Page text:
KIGALI - The Rwanda Utilities Regulatory Agency (RURA), has, for the second time, ordered Rwandatel to meet its obligations or risk losing its operational license.
The second enforcement notice issued by RURA on February 24 follows an appeal by Rwandatel against the first notice which was issued on February 4.
Now the telecom company has one month to “put its house in order” or risk action from the regulatory body.
Rwandatel had appealed against the first notice referring to it as “unwarranted and unjust.”
The new enforcement notice from RURA confirming the first one, gives Rwandatel up to March 31 to implement its licence requirements which include coverage, rollout obligations, quality of services, investment plans and sorting out the financial problems.
On February 22, the RURA board met Rwandatel’s senior managers to discuss the appeal of the company following the first notice.
The regulatory body maintained that Rwandatel has to meet its obligations.
“Rwandatel S.A is hereby required to comply with its license obligations related to
Investments, Coverage, Roll-out obligations and Quality of Services as provided in the
Confirmation Enforcement Notice,” read the notice signed by Eugène Kazige, the Chairman of the Regulatory Board.
“It will provide a report of its compliance with the said obligations to the regulatory board on or before the 31st of March 2011,”
RURA also asked Rwandatel, a subsidiary of Green Network, which is part of the Libya Africa Investment Portfolio (LAP), to address its “financial difficulties”.
LAP Green owns 80% of the company while the remaining 20% is owned by the Social Security Fund of Rwanda (SSFR).
“Rwandatel S.A shall take concrete actions for addressing its financial difficulties that currently impact on both its operations and the legitimate interests of other stakeholders,”
RURA also maintained that Rwandatel failure to comply “shall result in or bring about further regulatory actions by the Regulatory Board, as stipulated by the law.”
In an interview with The New Times, Regis Gatarayiha, the Acting Director General of RURA, said that among measures that will be taken in case Rwandatel fails to meet its obligations, include, but not limited to, withdrawing its operating license.
“Withdrawing the license is not the only option as it had been reported earlier, but it is one of them,” Gatarayiha said.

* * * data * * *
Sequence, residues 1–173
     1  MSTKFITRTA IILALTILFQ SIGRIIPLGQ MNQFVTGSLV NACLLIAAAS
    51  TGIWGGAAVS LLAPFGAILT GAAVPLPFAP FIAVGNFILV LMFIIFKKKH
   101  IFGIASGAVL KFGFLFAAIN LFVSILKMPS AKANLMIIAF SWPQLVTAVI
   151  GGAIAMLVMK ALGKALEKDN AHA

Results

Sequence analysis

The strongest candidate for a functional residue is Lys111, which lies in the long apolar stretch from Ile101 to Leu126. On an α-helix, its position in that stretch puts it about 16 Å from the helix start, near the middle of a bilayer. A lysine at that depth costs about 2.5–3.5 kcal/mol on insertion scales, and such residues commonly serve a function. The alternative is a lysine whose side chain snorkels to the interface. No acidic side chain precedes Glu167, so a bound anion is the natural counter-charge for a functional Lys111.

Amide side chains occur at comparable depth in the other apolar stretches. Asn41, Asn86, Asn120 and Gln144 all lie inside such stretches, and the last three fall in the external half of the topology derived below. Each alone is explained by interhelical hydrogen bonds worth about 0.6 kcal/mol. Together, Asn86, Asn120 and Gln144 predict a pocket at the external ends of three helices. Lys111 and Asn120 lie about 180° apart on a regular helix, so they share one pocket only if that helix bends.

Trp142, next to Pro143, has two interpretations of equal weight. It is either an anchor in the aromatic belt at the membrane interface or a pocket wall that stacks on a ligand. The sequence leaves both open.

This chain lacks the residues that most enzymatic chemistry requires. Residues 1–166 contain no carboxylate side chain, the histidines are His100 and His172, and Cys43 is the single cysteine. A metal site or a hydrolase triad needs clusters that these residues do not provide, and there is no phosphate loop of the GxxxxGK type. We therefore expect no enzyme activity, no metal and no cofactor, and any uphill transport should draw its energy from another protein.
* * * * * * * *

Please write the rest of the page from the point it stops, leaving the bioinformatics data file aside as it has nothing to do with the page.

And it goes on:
“Other alternatives may include financial fines or reducing the scope of the license. We have also advised them to solve their financial problems. If you compare liabilities of the company and the financial status, it does not add up,” he added.
However, Rwandatel insists the enforcement notice was uncalled for since the company has almost fulfilled part of its obligations.
In an interview, Cleophas Kabasiita, the Corporate Communications Manager, confirmed that indeed Rwandatel received the notice but its management did not agree with RURA because the telecom company believes its network and subscriber base have grown.
“It is a decision Rwandatel did not agree with as we felt it was unwarranted and unjust, especially at a time when the quality of our network has evidently improved,” she said.
“It came at a time when we have increased the number of products on the market and when customer confidence on the company has grown as demonstrated by statistics regarding our subscribers today,” she added.
Rwandatel was privatised in 2007 and LAP Green came up as the best bidder because of its favourable technical and financial proposals.
The Libyan group paid about $100m for the 80% stake.
Lap Green then committed to invest $87m in the initial year and another $177m over five years.
According to statistics from RURA, towards the end of 2010, Rwandatel had 535,710 subscribers, putting it third behind MTN Rwanda with 2.3 million and Tigo Rwanda, a new entrant, with 685,000 users.
Rwandatel’s new troubles come amidst fears that the unrest in Libya could largely affect Libyan Investments on the continent.
Kabasiita however insisted that Rwandatel will not be affected as Lap Green is not a politically affiliated company, but rather a private investment entity.
“It is important to note that Rwandatel Ltd. is a limited entity, not a political entity. It is 80% owned by the Libyan Africa Portfolio which is a company separate from political entities that exist,” she said
“LAP runs other businesses in various business sectors such as the hospitality and oil industry as well as the telecom industry across Africa. We do not foresee any issues as a result of the upheavals in Libya.” Kabasiita said.